Culver's and Noodles & Company are two of the restaurants who have responded to the US Center for Disease Control and Prevention recall.
Anyone with symptoms of a Shiga toxin-producing E. coli infection, which include stomach cramps, diarrhea and vomiting, should call their health care provider, and DeKalb County residents should call the health department at 815-758-6673. Many said they ate salads with romaine lettuce at restaurants, and these businesses told health officials that they used store-bought chopped romaine lettuce. (Yuma is the nation's largest supplier of winter greens such as lettuce, cabbage, spinach, kale, and spring mix.) At last report, the FDA had not yet identified the growers, suppliers and distributors of any of this contaminated lettuce. If you can not confirm the source of the chopped romaine lettuce, do not buy it or eat it. These symptoms typically manifest three or four days after you've been exposed to the bacteria, although it's possible to feel ill as soon as one day after or up to more than week later. Three of the cases resulted in hemolytic uremic syndrome, a potentially life-threatening type of kidney failure.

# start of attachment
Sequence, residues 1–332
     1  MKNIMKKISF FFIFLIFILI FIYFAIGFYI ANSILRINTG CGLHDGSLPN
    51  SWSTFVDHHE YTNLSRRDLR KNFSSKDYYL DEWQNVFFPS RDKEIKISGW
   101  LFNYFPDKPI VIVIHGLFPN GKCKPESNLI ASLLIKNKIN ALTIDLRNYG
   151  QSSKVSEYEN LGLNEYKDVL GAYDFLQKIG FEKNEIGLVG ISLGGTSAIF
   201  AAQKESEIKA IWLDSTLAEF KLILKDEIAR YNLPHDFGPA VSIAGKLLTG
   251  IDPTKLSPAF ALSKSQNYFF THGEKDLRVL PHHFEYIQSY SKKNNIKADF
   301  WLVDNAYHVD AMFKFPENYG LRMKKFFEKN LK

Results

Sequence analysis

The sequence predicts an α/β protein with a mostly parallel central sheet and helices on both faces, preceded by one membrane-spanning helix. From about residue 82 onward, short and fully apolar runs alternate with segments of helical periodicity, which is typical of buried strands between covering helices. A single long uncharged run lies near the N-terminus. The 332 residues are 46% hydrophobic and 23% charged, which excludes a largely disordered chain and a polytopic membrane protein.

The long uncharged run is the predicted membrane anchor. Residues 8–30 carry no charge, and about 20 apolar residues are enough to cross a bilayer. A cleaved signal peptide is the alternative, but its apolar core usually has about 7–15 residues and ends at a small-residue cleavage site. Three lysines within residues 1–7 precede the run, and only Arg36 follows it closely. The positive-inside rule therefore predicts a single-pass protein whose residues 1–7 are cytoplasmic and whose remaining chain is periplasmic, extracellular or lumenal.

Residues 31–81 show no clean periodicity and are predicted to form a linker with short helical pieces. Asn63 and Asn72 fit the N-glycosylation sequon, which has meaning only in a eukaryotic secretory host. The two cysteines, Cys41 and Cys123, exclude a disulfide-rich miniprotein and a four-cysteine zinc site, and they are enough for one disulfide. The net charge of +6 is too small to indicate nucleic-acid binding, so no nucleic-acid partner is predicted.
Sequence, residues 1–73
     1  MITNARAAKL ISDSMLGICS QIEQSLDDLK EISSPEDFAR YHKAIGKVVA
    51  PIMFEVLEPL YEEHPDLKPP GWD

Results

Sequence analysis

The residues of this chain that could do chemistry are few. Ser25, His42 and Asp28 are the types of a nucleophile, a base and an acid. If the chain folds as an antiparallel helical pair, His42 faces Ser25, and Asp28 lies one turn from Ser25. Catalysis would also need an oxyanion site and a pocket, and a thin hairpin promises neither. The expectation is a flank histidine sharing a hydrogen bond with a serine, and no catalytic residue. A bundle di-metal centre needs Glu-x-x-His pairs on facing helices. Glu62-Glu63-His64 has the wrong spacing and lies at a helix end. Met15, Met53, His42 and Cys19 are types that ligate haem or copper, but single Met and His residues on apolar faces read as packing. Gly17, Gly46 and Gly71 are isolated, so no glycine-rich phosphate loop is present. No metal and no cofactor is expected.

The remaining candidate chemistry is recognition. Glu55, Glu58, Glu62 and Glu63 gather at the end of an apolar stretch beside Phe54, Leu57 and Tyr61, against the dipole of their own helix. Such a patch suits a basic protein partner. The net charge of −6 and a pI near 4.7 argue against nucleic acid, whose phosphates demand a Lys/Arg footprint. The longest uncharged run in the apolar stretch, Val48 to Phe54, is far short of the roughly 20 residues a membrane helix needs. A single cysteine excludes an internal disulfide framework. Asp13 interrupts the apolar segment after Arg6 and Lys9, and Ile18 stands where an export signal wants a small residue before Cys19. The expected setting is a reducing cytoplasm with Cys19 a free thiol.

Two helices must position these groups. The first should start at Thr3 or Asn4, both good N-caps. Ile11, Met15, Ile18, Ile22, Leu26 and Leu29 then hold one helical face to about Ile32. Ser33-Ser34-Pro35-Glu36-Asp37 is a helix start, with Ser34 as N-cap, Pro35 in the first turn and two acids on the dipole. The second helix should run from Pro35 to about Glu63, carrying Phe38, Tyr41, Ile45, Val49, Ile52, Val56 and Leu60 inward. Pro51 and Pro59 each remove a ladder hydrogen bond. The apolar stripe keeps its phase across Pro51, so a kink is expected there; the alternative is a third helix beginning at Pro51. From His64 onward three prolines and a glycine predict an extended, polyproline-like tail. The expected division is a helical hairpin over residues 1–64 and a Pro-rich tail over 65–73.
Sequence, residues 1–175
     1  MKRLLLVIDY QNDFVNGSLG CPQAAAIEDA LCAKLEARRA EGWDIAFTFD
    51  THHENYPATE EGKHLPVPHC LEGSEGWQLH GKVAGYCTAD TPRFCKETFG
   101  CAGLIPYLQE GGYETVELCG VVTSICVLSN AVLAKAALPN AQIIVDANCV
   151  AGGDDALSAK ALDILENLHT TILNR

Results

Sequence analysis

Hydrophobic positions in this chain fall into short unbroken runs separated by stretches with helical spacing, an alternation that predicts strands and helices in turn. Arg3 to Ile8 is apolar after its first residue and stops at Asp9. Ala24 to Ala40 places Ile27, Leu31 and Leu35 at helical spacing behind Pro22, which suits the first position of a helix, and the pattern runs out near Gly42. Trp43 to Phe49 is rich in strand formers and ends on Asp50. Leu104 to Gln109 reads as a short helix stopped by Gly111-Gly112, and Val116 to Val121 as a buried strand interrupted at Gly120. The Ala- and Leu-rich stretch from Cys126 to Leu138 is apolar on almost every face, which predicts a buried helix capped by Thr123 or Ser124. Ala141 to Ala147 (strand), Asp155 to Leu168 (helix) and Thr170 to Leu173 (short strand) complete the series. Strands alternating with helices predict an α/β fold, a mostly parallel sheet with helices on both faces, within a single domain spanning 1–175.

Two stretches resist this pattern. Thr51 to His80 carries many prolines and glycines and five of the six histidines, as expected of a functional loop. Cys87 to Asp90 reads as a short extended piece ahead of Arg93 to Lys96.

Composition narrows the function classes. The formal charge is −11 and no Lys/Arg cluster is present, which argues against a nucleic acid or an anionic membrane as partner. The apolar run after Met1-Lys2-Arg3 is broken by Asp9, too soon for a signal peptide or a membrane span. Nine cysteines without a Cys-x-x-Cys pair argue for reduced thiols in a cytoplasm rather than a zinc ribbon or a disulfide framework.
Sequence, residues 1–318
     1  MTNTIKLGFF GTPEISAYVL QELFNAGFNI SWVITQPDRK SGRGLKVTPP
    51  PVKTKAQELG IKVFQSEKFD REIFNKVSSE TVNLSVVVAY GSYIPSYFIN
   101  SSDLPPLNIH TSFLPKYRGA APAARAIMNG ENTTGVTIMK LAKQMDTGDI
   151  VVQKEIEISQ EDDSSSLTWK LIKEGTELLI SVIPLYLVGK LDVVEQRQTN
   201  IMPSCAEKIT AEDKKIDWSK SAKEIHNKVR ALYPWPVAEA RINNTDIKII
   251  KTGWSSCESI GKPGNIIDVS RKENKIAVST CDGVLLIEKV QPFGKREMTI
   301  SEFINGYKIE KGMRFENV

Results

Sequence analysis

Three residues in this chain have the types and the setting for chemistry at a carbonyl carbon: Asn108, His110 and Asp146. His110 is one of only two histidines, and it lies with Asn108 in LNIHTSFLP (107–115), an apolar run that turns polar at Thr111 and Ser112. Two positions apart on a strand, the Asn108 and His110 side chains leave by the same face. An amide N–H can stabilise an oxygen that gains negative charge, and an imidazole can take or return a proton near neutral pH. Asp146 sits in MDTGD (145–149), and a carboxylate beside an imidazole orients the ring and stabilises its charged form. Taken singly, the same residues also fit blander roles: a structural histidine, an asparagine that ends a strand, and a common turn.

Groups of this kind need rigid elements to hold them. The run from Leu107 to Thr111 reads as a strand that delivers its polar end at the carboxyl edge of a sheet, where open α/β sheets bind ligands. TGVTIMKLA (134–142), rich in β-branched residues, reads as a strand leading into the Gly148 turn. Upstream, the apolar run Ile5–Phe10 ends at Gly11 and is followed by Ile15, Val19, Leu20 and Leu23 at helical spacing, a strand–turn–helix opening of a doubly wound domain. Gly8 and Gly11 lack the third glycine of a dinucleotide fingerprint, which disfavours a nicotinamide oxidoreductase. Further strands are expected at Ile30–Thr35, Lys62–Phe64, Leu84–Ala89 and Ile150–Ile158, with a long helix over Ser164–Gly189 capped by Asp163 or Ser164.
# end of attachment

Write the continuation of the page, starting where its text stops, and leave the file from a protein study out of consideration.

If you or a family member became ill with an E. coli infection or HUS after consuming food and you're interested in pursuing a legal claim, contact the Marler Clark E. coli attorneys for a free case evaluation.More news: Inmate deaths in SC prisons on the rise
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Most people recover within one week. But, according to Consumer Reports, it's best to stop eating romaine lettuce altogether.
To stay safe, the CDC advises consumers to avoid romaine lettuce from Yuma, Arizona.
You may have noticed, it's been hard to find romaine lettuce at stores or restaurants this week.
Marler said he expects the number of reported illnesses nationwide to grow as officials investigate how romaine harvested from the Yuma region made it to retailers and restaurants around the country.